A recent Hugo Schwyzer article laid out the following explanation of "Strong Objectivity":
We can never adopt a true “view from nowhere.” We can defy gravity in outer space, but we can never slip the surly bonds of our human imperfection. Our experiences impact us each day of our lives, and our experiences are shaped by our gender identity, our race, our class, our faith, and our communities. And while everyone sees “through a glass darkly” as a result, it seems eminently reasonable to say that the experience of being a member of a historically disadvantaged group (women; sexual, ethnic, or religious minorities; the working class) creates greater clarity about the dynamics of oppression. This is what the foremost advocate for standpoint theory, Sandra Harding, calls “strong objectivity.”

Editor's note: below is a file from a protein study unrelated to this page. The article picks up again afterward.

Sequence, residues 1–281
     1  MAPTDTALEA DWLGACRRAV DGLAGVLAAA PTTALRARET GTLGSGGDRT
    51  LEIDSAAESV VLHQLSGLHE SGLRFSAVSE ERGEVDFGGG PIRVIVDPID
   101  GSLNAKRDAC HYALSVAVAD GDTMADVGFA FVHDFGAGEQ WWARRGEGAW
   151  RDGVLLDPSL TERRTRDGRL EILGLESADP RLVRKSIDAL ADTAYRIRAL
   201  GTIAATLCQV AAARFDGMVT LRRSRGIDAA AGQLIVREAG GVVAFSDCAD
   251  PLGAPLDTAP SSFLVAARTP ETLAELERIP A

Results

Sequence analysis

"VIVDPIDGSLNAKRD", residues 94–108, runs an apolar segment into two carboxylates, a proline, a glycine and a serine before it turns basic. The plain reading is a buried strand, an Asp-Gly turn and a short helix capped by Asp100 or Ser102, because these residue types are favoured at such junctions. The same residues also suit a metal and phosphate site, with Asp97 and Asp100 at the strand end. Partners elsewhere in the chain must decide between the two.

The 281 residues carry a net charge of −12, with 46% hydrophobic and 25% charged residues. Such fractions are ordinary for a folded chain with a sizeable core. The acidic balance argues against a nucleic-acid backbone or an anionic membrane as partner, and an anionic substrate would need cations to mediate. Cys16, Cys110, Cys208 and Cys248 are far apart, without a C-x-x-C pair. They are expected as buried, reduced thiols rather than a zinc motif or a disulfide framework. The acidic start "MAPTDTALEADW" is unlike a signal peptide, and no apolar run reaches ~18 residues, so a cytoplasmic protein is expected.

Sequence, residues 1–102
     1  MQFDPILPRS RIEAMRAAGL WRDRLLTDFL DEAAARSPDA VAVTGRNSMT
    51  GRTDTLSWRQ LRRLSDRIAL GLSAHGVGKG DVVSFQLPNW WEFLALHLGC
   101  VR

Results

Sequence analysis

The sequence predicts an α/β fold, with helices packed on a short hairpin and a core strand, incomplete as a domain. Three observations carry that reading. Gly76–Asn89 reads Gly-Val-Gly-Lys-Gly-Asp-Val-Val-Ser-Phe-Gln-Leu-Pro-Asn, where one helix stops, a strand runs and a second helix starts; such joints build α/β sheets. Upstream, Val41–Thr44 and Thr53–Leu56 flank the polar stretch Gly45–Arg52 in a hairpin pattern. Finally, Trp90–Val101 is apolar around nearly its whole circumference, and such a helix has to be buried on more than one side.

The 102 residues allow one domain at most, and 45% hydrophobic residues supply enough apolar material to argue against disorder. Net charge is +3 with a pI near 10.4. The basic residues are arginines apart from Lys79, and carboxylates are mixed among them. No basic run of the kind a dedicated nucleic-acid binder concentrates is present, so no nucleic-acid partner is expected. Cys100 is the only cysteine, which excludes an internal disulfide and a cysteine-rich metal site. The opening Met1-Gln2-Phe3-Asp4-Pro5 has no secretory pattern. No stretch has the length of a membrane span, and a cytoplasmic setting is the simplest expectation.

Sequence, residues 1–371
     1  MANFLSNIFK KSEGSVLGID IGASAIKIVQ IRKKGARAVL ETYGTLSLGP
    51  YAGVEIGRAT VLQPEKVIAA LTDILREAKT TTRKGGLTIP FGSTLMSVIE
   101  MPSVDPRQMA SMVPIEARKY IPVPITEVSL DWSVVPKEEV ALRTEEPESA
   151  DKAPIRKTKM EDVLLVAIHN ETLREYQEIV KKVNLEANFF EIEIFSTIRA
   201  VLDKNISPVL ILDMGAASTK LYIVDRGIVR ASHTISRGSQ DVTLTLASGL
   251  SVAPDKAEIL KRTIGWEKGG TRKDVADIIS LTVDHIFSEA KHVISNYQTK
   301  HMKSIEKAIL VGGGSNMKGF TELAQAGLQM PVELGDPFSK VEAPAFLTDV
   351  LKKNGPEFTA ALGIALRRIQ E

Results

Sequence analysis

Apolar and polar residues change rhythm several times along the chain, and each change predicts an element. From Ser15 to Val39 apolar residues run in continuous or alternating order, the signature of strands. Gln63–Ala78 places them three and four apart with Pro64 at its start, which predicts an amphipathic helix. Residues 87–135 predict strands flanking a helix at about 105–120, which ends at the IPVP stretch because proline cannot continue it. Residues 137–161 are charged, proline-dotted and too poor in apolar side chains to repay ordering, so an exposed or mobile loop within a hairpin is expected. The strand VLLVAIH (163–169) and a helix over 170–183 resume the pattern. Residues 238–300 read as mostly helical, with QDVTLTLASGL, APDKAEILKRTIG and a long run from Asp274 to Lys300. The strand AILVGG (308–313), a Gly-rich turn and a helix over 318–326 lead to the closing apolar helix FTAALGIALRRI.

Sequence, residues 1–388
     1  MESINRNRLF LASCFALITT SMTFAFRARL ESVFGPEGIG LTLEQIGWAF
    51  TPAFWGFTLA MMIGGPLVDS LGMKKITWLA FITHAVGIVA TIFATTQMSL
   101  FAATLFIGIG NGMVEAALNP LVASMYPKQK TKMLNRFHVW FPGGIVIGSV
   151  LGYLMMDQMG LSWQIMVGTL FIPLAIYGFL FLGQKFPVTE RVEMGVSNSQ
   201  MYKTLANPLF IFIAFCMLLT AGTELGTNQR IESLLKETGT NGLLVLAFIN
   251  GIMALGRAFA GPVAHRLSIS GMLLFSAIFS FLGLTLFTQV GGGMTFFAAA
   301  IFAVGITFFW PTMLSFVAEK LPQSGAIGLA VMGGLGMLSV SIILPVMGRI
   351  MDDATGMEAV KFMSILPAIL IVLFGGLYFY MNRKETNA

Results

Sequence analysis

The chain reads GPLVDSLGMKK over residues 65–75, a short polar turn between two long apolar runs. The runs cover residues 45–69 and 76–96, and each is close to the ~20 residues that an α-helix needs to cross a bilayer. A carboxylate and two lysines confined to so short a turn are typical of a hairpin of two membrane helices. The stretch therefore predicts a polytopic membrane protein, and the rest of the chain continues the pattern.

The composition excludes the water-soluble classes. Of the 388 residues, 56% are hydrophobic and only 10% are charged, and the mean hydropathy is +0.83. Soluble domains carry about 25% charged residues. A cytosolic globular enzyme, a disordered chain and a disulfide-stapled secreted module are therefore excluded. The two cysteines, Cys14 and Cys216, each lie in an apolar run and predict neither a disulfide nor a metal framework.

His article laid out cases wherein a particular set of opinions, though no more predisposed to being correct, might be afforded a certain privileged place due to their likelihood of carrying a depth and scope of experiences more novel in their perception of power dynamics. Essentially, the article drove home that privilege and power hide themselves from those who are afforded them, and those without them have claims to special knowledge with respect to how privilege and power assert themselves.
I am having difficulty identifying why this is called strong objectivism (apparently contrasted to weak objectivity in Harding's "Whose Science? Whose Knowledge? Thinking from Women's Lives"), with respect to its inherently relativistic claim of special knowledge. I am trying to understand how Schwyzer's article, and standpoint theory generally, relates to epistemic claims, and specifically about the nature of making this knowledge actionable.
- Is standpoint theory a form of relativism or objectivism, or something else entirely?
- Does standpoint theory attempt to reconcile divergent frames of reference, or otherwise make differing speakers' language soluble?
- Is standpoint theory a form of descriptive or normative discourse?